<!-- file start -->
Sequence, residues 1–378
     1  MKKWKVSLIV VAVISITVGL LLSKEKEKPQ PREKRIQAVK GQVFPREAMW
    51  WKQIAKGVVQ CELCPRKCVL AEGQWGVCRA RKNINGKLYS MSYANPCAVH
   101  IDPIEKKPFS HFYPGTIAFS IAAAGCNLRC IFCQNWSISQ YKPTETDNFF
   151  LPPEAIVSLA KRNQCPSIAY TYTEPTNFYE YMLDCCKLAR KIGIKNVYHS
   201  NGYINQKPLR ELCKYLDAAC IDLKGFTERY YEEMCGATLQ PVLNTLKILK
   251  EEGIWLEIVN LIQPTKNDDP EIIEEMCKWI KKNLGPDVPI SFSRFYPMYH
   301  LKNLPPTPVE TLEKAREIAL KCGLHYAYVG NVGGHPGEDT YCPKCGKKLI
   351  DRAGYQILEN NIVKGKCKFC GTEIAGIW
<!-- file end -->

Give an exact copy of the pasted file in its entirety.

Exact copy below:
Sequence, residues 1–378
     1  MKKWKVSLIV VAVISITVGL LLSKEKEKPQ PREKRIQAVK GQVFPREAMW
    51  WKQIAKGVVQ CELCPRKCVL AEGQWGVCRA RKNINGKLYS MSYANPCAVH
   101  IDPIEKKPFS HFYPGTIAFS IAAAGCNLRC IFCQNWSISQ YKPTETDNFF
   151  LPPEAIVSLA KRNQCPSIAY TYTEPTNFYE YMLDCCKLAR KIGIKNVYHS
   201  NGYINQKPLR ELCKYLDAAC IDLKGFTERY YEEMCGATLQ PVLNTLKILK
   251  EEGIWLEIVN LIQPTKNDDP EIIEEMCKWI KKNLGPDVPI SFSRFYPMYH
   301  LKNLPPTPVE TLEKAREIAL KCGLHYAYVG NVGGHPGEDT YCPKCGKKLI
   351  DRAGYQILEN NIVKGKCKFC GTEIAGIW